Threads of Time: Tradition and Change in Indigenous American Textiles

Textile with Pelican Shaman

Pronounce: ayni


Textile with Pelican Shaman


This brocaded cloth features a supernatural pelican-man. Still bright after over five hundred years, scarlet highlights the standing figure’s face and the many little pelicans that sit on his arms and emerge magically from/as his body. The two slightly different reds in the face area show that this textile was made in two parts later sewn together; this additive process was certainly not concealed. This piece was one of at least four matching panels (now held in the Metropolitan Museum of Art and the Cleveland Museum of Art). The piecemeal assembly process was employed by the Chimú Empire, with different subjects involved in the production of a single luxury item given as tribute to royalty and elites. One person made one half of this piece, another the other, with the seam and the slight mismatch between the parts as evidence of their distinct contributions. In addition, showing the two parts combining to make a single figure embodies an important idea that runs through Andean culture and thought: ayni, or the dualistic relationship of one part to another to make up a balanced whole. Two half-faces coming together, even if not perfectly, embodies this idea visually. Ayni is not only found in art, but is basic to human survival in the Andean environment, where reciprocal helping of others is the only way to thrive in the various altitudes and ecozones.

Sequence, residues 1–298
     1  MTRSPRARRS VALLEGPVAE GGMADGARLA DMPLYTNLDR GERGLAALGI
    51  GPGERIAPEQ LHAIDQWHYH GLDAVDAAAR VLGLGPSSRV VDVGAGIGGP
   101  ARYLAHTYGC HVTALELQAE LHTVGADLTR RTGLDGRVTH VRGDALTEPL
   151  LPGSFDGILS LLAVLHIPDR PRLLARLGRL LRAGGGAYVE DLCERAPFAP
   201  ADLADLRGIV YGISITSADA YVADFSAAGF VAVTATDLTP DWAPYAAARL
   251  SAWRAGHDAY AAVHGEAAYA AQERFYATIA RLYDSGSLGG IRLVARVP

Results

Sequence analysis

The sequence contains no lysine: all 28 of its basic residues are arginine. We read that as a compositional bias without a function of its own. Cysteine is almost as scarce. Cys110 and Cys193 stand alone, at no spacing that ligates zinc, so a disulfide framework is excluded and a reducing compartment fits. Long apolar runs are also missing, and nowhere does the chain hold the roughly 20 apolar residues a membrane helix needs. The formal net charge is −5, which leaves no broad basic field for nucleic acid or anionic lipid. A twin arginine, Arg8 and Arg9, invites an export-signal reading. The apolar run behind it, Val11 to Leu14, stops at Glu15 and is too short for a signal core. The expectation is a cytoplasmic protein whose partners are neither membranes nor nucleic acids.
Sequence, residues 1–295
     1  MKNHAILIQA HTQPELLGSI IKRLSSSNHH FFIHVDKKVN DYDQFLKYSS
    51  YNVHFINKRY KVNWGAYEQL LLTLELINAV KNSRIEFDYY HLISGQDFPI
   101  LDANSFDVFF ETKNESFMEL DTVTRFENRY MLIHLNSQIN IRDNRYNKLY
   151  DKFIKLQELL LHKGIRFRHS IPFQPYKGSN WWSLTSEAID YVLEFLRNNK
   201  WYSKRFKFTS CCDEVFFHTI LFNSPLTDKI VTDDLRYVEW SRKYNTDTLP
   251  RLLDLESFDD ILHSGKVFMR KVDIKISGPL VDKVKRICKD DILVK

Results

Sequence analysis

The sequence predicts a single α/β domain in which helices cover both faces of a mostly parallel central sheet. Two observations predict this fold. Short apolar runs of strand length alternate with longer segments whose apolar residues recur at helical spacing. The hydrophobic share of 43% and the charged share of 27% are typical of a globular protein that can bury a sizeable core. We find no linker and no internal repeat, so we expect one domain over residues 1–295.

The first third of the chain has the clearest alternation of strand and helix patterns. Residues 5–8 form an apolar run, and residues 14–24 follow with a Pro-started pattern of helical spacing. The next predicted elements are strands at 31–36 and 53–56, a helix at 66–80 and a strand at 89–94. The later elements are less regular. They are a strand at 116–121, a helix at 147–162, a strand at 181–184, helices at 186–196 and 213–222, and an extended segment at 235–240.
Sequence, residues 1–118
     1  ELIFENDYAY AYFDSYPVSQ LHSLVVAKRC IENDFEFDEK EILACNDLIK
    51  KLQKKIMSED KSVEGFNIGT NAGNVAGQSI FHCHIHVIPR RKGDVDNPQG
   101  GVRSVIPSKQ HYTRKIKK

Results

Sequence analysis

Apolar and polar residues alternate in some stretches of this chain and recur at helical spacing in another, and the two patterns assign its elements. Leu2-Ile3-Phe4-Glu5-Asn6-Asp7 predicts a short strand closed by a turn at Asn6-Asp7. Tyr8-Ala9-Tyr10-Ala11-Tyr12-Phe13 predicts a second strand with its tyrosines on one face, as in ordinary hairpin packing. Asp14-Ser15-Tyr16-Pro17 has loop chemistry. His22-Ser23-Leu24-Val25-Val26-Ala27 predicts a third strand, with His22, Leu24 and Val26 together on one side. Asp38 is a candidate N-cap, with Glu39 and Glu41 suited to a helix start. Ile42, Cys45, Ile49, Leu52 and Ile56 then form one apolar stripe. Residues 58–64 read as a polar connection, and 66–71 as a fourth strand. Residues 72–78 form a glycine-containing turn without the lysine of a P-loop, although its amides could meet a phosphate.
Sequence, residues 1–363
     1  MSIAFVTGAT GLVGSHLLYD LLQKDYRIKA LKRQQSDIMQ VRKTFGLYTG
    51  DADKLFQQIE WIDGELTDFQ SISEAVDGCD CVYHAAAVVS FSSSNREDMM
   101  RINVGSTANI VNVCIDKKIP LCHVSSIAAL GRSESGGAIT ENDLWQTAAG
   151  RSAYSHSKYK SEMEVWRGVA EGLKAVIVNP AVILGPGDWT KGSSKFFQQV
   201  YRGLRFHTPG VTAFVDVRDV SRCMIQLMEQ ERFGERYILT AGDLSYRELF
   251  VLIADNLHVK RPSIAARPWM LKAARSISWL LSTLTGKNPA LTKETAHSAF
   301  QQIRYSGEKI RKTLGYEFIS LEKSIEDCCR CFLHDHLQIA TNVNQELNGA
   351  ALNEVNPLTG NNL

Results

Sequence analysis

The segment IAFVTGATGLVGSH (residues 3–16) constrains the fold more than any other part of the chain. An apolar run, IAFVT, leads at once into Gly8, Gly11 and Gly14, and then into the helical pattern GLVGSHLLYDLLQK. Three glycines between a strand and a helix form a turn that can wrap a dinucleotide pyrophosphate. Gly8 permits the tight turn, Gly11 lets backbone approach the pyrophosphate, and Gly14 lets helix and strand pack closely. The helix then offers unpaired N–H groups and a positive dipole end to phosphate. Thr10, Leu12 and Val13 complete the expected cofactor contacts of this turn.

Geographic Area

South America, Central Andes, Central Coast




Late Intermediate Period, ca. 1100-1470 AD


Cotton, camelid fiber

Credit Line

Gift in memory of John C. and Nora Wise

Accession Number


Photo Credit

Photo by Bruce M. White, 2013

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